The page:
|The bistro can accommodate large groups|
|Wine selections in the market|
|The home furnishings store on the 1st floor|
On Monday nights, Vaudeville offers a Supper Club, a three course pre-fixe menu with wine pairings. In addition, there is a gallery showcasing contemporary art. There is also a courtyard that is designated
for special events and private functions. In short, Vaudeville is a unique experience to be found in the Texas Hill Country: a perfect mix of shopping, browsing, and – to tie in to my Enchanted Rock post (see
Utterly Enchanting) – eating while enjoying the beauty of the surrounding countryside.
Should you find yourself in the mood for some German food, a long-time favorite of ours is the Altdorf. I love to sit on the patio drinking a Paulaner Hefe-Weizen beer, then ordering first a sausage sampler (from the local smokehouse, Opa’s), then the Red Baron sandwich (Swiss cheese melted over corned beef with onion, red cabbage and mustard), and for the finale, Mississippi Mud Pie. Yum, yum, eat ’em up.
When in the mood for BBQ, scoot on over to Llano to check out Cooper’s Old Time Pit Bar-B-Que. This place first piqued my interest when I heard that some people (evidently those who are pilots and have access to small planes) actually fly here from Austin (of all foodie places!) for BBQ. I have only been here once, but it was worth the drive. We tried as much as we could and enjoyed every bite: the brisket, the giant pork chop, the smoked turkey and the rib eye. Don’t forget about the beans. In my not-so-humble opinion, they are always an integral part of any BBQ experience. I hope this
gets y’all in the mood for some serious eatin’.
|It is a true Texas experience to stand over a large smoker to pick out your meal|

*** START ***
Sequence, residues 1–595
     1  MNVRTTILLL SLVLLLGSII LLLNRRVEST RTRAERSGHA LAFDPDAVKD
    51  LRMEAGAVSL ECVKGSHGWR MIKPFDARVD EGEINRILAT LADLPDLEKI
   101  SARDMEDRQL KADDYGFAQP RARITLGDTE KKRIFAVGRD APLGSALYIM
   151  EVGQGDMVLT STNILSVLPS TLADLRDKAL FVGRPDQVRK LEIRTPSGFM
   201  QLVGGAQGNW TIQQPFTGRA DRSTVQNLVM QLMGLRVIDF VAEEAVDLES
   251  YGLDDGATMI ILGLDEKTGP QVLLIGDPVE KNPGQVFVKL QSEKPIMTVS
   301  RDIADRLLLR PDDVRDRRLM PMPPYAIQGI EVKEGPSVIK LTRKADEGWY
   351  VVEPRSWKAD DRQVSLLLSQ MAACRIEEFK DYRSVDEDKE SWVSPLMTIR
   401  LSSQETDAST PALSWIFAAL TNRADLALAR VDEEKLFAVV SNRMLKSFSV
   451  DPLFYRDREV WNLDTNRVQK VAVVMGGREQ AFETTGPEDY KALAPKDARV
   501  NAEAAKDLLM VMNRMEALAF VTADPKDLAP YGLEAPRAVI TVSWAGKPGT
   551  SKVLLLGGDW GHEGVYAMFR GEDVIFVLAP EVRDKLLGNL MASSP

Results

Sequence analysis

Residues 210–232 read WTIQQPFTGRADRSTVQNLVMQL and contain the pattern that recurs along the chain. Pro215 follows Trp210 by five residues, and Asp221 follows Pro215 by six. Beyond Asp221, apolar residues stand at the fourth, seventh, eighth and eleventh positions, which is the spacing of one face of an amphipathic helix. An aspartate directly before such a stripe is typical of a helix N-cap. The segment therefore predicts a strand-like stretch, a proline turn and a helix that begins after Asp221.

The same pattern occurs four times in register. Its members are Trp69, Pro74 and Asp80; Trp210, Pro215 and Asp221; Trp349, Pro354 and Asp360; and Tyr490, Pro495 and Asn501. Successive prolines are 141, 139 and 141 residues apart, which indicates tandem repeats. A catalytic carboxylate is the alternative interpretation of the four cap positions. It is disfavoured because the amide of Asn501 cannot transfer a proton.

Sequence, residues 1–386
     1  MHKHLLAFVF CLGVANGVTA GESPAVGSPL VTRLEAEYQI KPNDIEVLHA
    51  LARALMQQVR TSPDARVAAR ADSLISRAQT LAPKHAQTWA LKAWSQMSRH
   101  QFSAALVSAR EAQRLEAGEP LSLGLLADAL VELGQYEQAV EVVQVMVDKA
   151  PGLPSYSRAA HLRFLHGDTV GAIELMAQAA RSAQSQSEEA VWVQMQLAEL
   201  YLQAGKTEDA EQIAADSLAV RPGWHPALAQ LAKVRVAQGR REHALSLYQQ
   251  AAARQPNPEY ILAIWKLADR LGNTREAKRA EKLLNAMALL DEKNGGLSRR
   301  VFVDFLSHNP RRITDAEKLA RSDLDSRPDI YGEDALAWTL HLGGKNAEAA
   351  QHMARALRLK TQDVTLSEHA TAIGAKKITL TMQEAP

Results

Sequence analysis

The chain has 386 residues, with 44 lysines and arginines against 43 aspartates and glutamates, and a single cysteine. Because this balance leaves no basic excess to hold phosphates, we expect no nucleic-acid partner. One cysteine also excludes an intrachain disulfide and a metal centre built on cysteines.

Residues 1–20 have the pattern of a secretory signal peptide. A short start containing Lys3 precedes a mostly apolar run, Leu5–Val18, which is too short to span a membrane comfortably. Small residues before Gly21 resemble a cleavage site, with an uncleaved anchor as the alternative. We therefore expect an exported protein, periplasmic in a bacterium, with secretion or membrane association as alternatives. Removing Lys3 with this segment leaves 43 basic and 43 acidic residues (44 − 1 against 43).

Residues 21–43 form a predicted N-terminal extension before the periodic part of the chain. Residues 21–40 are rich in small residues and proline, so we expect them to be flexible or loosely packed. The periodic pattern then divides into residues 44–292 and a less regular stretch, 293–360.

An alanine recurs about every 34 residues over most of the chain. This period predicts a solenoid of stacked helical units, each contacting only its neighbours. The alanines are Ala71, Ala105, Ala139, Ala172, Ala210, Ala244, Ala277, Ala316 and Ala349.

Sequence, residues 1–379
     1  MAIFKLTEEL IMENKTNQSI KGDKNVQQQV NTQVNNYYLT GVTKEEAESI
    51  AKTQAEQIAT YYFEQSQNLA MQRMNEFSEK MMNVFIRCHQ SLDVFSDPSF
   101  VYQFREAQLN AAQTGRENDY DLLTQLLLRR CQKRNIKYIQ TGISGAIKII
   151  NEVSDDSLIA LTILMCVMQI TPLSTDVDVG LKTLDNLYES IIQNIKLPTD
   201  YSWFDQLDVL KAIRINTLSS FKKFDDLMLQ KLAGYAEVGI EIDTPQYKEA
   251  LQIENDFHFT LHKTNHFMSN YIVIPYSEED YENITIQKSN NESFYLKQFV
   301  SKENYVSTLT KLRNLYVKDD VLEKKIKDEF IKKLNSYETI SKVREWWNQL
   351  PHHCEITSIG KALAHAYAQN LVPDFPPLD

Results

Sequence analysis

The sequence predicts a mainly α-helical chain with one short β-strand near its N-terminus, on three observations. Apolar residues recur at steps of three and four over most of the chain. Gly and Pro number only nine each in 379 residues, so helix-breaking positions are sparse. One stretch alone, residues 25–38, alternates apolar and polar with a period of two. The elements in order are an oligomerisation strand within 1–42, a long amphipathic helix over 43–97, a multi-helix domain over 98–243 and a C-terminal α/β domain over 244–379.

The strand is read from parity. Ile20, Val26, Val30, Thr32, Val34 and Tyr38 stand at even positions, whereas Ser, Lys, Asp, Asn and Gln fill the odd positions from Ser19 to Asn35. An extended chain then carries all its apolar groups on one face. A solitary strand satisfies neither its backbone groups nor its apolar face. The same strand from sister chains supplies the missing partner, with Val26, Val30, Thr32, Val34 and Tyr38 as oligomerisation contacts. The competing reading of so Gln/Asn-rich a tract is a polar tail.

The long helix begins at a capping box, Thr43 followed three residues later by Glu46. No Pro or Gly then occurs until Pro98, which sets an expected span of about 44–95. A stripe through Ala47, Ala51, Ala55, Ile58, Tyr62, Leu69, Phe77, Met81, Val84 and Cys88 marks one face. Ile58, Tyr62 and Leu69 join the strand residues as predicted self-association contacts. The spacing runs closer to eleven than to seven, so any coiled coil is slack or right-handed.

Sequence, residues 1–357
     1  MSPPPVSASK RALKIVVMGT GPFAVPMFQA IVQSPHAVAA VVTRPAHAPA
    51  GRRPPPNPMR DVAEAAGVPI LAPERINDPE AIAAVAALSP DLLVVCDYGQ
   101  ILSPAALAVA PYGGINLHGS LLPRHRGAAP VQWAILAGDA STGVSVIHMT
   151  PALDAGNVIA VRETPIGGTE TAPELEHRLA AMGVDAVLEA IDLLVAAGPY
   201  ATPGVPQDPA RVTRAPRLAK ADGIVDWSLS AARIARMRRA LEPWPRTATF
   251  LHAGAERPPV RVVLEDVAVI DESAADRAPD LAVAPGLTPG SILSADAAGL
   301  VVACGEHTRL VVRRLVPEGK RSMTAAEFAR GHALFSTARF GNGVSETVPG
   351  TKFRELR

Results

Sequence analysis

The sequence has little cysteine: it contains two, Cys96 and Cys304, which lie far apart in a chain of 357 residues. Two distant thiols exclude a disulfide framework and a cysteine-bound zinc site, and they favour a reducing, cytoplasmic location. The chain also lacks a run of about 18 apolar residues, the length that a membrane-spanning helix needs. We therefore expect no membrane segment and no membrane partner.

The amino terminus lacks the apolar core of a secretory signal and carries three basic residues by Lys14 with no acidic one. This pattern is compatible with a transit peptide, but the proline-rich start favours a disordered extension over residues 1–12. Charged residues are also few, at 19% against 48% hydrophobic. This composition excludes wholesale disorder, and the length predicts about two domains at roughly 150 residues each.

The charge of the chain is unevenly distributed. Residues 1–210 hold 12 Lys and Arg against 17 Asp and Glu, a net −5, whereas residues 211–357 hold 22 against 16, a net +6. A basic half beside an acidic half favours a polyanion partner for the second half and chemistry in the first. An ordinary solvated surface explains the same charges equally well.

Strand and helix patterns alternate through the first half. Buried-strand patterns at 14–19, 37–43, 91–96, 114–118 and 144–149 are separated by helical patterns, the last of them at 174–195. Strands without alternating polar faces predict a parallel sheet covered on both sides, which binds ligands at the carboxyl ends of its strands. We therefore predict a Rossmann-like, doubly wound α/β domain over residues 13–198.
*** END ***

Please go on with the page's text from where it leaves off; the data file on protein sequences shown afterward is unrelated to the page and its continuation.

As a parting gift, I wanted to share with you one of our family Christmas cards that shows you that, notwithstanding the fact that I was 39 at the time, my mother still loved dressing us up in dirndls and lederhosen. What is remarkable about this photo, is that all the clothes we are wearing came from her collection of German/Austrian clothes. I now have a few of her beautiful dirndls in my closet, but cannot fit into them as Mom was so tiny. I wonder if there is such a thing as a dirndl expander? If you happen to know, drop me a line! Until then, Malzeit!
|“In München steht ein Hofbräuhaus…”|
230 East Main St, Fredericksburg
Bistro Hours Wed-Mon 8 am – 6 pm and Saturdays until 9 pm
Monday Night Supper Club 6:30 – 9:30 pm by Reservation
301 West Main St, Fredericksburg
604 W. Young St, Llano
877-533-5553 (They take online orders)
Just to hear the Cooper’s BBQ jingle, you have to visit their website
All photos by Marci Symington for texaztaste.blogspot.com. I am sorry I do not have the information on artist of the sketch of the Loeffler Weber Haus.